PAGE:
A Black Lives Matter protest in Stony Brook, NY on June 7. The protest is one of the many nationwide protests occurring in response to police brutality and systemic racism. ALEK LEWIS/THE STATESMAN

Hundreds of Long Islanders rallied on the side of Nesconset Highway on June 7 in front of the Lowe’s shopping center in Stony Brook to peacefully protest — and remember those who have died from — police brutality.

The protest began at 1 p.m. on the sidewalk along the highway outside Lowe’s, with both American flags and Black Lives Matter flags flown in solidarity, along with various signs that read phrases such as “silence = death,” “enough is enough” and “color is not a crime.” The protesters shouted phrases like “no justice, no peace,” “don’t shoot,” “silence is violence,” “Black Lives Matter” and responded to the chant “say their name” with the names of those who have lost their lives to police brutality. 

One of the many victims of police brutality remembered at the protest was George Floyd, a 46-year-old black man from Minneapolis who was killed on May 25 after a police officer forcefully pinned down Floyd’s neck with his knee during an arrest. A video of the altercation went viral, prompting hundreds of protests nationally and internationally.

Other victims of police brutality the protesters recognized were Breonna Taylor, Aiyana Jones, Philando Castile and Ahmaud Arbery, who was killed by an ex-police officer.

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Protesters cheered as drivers and passengers on the highway honked their horns, raised their fists and even held up signs in their cars. Refreshments and snacks were set up under a tent for the protesters. There was no provocation towards or from Suffolk County police officers assigned to the protest.

The protest was organized by local resident Kenna Atkinson, and co-organized by local activists Jay Guercio and Sharon Nicole. Nicole and Guercio both helped organize the Brentwood protest on May 31.

“I know that I come from a place of privilege as a white-passing Latino, but I know that it’s important for me to stand up for my black friends — my black sisters and brothers — because we are all in this fight together,” Nicole said.

The crowd was also given cards with a QR code, which when scanned gave them access to a Google doc with links to resources and actions that people can take to help stop police brutality. One recommended action to end police brutality is repealing Privacy Law 50-A — which keeps the personnel records and incidents of misconduct of police officers unavailable to the public. 

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Around 2:15 p.m., protesters gathered on the lawn in front of the office supply store Staples in Stony Brook, where some members of the protest addressed the crowd. One young woman sang a cover of “Stand Up,” an original song from the film “Harriet.”

“I grew up when some of this stuff started,” Dylan, an older white man said to the crowd, describing how he witnessed events from the civil rights movement such as the Little Rock Nine and Martin Luther King’s speech at the Lincoln memorial. “I am not supposed to be here at 64 years old. I was supposed to see the end of this when I was 24! I fought for this then and by god I will continue to fight for it today!”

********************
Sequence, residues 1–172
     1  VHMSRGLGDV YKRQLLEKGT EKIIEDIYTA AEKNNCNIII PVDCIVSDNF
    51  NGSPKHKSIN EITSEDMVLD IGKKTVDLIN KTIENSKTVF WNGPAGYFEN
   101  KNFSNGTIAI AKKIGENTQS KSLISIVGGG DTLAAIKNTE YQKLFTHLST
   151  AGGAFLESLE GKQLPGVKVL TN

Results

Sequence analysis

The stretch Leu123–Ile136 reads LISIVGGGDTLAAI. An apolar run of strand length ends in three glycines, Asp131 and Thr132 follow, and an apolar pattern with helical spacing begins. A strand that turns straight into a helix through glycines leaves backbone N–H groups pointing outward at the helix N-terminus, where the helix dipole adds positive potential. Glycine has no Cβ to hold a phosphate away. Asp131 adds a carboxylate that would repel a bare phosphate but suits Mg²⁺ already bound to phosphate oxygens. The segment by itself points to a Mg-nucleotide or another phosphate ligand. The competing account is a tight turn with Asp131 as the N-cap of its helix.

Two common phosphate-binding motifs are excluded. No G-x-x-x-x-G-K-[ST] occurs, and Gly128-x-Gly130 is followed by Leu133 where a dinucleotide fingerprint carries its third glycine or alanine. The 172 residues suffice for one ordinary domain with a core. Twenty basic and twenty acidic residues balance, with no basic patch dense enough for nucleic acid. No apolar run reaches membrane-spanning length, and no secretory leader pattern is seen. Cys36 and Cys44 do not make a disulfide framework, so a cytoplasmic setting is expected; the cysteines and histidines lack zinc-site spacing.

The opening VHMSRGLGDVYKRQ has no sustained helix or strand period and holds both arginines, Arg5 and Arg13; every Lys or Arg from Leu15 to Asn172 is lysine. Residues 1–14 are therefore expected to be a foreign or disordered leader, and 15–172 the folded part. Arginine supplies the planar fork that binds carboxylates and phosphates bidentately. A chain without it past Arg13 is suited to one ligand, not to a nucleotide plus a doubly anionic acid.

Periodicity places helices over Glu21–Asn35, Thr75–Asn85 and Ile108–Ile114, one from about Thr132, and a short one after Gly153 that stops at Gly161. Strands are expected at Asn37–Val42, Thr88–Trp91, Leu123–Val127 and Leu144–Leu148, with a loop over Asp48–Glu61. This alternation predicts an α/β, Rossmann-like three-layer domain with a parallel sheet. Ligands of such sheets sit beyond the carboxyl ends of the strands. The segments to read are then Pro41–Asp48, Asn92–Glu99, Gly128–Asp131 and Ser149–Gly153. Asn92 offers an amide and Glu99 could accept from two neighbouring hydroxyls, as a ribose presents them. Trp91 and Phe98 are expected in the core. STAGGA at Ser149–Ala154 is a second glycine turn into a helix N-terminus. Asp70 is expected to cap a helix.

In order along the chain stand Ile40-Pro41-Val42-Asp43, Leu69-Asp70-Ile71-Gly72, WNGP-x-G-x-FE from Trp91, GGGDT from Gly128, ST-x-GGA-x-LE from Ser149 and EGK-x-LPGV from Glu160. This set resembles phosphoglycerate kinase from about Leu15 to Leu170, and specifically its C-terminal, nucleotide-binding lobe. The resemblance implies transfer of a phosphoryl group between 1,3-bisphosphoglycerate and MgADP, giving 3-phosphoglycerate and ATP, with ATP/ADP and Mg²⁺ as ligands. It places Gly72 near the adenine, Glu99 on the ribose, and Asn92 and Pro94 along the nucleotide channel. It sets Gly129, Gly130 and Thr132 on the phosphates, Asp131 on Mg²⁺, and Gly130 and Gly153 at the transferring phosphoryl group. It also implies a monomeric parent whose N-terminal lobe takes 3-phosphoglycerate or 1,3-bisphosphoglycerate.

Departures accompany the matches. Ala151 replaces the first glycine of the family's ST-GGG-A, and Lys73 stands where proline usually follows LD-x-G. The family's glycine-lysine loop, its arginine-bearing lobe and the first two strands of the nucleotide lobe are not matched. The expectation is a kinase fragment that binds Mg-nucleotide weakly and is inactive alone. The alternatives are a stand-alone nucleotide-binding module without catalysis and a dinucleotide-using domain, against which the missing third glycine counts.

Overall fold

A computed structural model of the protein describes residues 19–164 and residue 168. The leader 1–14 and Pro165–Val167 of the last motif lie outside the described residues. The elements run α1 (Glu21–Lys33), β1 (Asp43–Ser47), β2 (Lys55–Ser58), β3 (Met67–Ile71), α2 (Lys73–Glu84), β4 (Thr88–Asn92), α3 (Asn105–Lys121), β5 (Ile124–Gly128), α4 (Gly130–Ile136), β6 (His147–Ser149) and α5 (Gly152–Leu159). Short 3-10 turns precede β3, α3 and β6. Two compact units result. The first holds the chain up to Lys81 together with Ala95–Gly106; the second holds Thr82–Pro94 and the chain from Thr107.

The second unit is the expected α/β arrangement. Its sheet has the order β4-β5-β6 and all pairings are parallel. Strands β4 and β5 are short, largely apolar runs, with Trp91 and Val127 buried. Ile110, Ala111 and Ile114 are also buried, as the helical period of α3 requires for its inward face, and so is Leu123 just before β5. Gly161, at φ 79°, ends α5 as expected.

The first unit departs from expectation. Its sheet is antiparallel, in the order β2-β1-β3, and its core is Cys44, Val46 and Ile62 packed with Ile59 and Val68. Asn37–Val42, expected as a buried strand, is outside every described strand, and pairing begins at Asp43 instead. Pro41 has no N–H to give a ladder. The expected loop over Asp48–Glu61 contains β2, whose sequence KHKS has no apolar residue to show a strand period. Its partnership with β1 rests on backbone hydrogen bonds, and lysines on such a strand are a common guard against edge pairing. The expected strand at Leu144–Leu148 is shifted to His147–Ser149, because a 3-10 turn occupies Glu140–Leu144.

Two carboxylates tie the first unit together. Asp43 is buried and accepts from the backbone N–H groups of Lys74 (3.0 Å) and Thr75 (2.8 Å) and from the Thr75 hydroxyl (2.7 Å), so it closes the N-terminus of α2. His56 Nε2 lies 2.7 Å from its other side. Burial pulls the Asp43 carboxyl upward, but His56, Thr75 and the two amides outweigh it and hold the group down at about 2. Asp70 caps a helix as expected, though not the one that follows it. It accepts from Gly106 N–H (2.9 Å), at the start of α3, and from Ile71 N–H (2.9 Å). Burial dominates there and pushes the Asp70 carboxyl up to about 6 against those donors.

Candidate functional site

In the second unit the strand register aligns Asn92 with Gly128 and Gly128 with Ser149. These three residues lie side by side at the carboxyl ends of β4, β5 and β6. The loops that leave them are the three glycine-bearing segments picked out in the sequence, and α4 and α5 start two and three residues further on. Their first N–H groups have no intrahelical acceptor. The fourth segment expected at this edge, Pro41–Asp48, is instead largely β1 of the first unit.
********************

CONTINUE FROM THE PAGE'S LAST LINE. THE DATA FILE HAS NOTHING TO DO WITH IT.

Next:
At the end of the speeches, the protesters kneeled and laid on the ground, shouting phrases like “I can’t breathe” and chanting the names of victims for 8 minutes and 46 seconds, the amount of time the officer who killed Floyd held his knee on Floyd’s neck.

Protesters then started marching west on Nesconset Highway, before circling back and ending at Lowe’s, where the rally started. The protest ended around 4 p.m.

Local politicians, including New York Congressional District 1 Democratic candidate Perry Gershon and New York State Senate District 1 Democratic candidate Skyler Johnson, lent their support to the protest.

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“Enough is enough,” Gershon said. “People are saying it’s time for change. Black lives matter. We need racial justice in America and now is the time. It’s time we make a statement that change is now. And it starts with us.”

“These protests are extremely important and they are a foundation for a movement for change,” Johnson said. “The people here all know about the horrible incidents that we’ve seen nationwide — of police brutality, of racism, of institutional injustice — and Suffolk right now is saying that they won’t stand for it anymore.” 

Holly Fils-aime, a Democrat and local advocate, was part of a group that set up a voter registration table at the protest. She and her colleagues walked around the protest handing out forms and urging the protesters to bring about change through voting in November.

“We think this is the most important national election in our lifetime,” Fils-aime said. “And we feel that if we all vote, and the democrats all vote, we have enough votes to overpower [President] Trump.”

Although everyone at the protest was wearing a mask, protesters were urged to get tested for COVID-19 in a week at Stony Brook University Hospital’s testing center.

“We hear these stories with our parents and our grandparents. And me being a person of color I just want this to be the last generation to deal with this,” protester Mike Roland said. “It stops here.”

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